CONCLUSION

  1. Top of page
  2. Abstract
  3. METHODS
  4. RESULTS
  5. DISCUSSION
  6. LIMITATIONS
  7. CONCLUSION
  8. ACKNOWLEDGMENTS
  9. REFERENCES

The accurate communication of important patient information is one of several prerequisites to providing excellent health care to elderly nursing home patients transferring to and from acute care hospitals. Interventions performed in a variety of settings show that a standardized patient transfer document may assist with the successful communication of advance directives and medication lists, whereas a pharmacist-developed review of medication lists may help identify omitted or indicated medications on patient transfer. Randomized controlled trials with large numbers of elderly patients in varied healthcare systems are needed to determine the ideal design and medium for a patient transfer document. Further work should aim to coordinate research efforts, adopt operationalized definitions for high-quality transitional care, and define target populations and outcomes measures.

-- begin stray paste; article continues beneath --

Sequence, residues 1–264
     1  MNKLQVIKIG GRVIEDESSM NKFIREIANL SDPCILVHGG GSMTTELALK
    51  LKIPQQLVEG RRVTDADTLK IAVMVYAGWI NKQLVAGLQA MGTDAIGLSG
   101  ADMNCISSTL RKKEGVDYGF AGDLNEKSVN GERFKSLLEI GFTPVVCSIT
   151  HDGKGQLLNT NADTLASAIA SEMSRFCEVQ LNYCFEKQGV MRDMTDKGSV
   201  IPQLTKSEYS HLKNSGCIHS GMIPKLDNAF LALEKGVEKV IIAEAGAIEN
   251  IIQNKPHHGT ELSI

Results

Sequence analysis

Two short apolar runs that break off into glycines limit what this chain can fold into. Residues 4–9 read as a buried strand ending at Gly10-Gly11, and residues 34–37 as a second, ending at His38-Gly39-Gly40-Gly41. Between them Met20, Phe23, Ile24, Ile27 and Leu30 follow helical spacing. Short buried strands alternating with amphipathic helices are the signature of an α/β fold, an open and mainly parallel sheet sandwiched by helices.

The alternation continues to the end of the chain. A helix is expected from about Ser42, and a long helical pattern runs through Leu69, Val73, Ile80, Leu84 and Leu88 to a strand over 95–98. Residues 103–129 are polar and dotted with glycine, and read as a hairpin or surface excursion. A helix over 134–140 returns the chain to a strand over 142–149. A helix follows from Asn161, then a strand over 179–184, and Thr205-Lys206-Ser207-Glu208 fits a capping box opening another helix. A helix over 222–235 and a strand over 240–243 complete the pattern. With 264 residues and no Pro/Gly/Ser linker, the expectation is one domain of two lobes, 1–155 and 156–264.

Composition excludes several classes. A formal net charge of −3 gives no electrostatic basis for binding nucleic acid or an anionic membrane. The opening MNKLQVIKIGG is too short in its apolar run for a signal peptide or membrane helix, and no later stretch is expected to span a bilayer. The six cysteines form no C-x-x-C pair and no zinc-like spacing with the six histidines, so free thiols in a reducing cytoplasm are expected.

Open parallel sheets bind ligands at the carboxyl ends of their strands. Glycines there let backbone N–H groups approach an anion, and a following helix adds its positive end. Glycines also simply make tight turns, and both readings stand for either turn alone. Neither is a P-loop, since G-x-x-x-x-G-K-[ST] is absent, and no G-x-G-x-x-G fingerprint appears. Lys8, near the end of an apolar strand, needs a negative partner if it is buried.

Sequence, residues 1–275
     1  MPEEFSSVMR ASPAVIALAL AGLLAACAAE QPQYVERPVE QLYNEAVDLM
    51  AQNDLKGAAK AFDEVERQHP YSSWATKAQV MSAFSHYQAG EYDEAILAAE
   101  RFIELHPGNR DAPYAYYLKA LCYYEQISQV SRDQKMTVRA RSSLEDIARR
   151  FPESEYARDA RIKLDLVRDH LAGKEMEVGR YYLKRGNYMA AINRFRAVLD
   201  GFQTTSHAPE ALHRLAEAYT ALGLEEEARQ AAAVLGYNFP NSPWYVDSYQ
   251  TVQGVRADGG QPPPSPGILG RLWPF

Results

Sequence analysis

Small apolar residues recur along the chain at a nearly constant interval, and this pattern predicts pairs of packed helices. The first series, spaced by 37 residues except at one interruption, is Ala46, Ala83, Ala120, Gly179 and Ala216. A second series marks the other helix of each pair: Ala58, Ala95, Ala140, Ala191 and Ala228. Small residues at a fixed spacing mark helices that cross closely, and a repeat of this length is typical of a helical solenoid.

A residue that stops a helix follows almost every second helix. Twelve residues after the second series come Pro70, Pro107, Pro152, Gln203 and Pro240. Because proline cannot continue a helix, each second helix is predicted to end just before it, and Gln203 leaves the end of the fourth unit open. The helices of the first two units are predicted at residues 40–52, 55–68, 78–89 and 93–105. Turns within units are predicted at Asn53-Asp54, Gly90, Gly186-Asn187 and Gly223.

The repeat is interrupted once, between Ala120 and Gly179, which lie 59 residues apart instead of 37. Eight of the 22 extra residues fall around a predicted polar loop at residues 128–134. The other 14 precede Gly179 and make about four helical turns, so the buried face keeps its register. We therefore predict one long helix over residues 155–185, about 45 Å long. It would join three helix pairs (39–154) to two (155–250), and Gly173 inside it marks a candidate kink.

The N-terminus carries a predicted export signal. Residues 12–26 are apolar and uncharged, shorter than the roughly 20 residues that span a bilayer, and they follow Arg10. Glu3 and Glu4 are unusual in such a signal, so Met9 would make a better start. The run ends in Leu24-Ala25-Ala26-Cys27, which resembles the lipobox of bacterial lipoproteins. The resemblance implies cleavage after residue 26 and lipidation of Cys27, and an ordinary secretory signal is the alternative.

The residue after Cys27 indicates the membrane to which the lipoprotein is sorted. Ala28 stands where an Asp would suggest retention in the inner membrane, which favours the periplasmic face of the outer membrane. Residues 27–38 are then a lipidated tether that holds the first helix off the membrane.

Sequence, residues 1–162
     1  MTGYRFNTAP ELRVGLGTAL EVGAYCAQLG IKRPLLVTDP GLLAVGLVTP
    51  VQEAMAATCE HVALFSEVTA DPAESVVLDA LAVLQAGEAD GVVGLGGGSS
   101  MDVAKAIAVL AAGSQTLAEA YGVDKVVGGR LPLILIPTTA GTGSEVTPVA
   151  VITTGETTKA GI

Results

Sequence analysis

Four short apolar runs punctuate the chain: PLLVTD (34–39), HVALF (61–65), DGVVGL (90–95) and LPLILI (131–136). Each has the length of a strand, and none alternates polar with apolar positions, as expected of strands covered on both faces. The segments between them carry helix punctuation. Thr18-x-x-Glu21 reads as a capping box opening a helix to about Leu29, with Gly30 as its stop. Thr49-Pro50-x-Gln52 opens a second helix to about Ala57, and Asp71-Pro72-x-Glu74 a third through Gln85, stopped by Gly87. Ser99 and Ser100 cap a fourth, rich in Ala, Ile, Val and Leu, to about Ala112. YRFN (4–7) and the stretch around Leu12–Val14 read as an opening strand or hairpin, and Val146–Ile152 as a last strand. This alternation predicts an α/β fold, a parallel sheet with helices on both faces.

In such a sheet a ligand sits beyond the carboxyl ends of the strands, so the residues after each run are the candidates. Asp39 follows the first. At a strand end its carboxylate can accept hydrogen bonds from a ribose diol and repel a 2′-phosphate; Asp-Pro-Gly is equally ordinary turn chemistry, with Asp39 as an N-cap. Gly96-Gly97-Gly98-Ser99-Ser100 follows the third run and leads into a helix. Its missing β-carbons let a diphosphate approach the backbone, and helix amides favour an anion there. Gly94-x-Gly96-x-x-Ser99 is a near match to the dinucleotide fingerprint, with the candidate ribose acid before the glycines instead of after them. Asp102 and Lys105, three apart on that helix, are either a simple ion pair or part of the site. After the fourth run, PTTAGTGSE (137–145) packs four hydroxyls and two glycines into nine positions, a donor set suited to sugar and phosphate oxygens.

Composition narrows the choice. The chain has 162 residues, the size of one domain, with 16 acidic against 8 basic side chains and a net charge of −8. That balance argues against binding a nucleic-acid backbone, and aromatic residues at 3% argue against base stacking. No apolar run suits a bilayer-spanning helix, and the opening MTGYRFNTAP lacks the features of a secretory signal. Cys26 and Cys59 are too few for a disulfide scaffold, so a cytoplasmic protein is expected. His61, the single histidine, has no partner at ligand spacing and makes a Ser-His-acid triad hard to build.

ACKNOWLEDGMENTS

  1. Top of page
  2. Abstract
  3. METHODS
  4. RESULTS
  5. DISCUSSION
  6. LIMITATIONS
  7. CONCLUSION
  8. ACKNOWLEDGMENTS
  9. REFERENCES

The authors would like to thank Dr. Ellen Roberts for her review of this manuscript. This work was presented in part at the 2009 American Geriatrics Society Annual Scientific Meeting.

Conflict of Interest: The editor in chief has reviewed the conflict of interest checklist provided by the authors and has determined that the authors have no financial or any other kind of personal conflicts with this paper.